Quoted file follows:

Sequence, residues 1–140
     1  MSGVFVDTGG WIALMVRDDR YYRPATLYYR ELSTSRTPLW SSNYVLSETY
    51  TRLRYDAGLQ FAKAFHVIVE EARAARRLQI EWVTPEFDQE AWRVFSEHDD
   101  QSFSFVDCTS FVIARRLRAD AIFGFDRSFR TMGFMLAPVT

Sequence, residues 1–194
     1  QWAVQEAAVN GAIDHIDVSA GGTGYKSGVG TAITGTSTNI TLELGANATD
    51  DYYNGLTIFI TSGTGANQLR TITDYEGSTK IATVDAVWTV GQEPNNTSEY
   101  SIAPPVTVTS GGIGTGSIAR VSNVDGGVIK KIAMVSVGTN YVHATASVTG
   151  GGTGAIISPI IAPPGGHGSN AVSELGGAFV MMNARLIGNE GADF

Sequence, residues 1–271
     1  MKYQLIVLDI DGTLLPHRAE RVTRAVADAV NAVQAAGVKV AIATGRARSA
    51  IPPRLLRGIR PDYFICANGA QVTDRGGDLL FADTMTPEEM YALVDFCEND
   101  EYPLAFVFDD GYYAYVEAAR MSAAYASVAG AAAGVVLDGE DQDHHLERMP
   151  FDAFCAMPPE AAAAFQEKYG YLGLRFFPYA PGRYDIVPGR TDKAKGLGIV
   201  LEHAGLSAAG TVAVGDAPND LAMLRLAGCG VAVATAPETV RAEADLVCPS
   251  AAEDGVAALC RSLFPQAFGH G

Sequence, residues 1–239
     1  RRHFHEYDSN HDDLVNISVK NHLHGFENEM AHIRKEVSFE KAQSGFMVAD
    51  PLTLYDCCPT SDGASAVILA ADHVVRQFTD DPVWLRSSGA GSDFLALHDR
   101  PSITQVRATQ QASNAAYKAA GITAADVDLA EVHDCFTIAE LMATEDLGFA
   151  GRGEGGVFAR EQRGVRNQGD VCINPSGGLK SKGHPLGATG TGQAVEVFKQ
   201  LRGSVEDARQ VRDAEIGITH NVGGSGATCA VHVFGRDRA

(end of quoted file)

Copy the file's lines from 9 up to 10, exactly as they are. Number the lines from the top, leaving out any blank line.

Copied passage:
   151  GGTGAIISPI IAPPGGHGSN AVSELGGAFV MMNARLIGNE GADF

Sequence, residues 1–271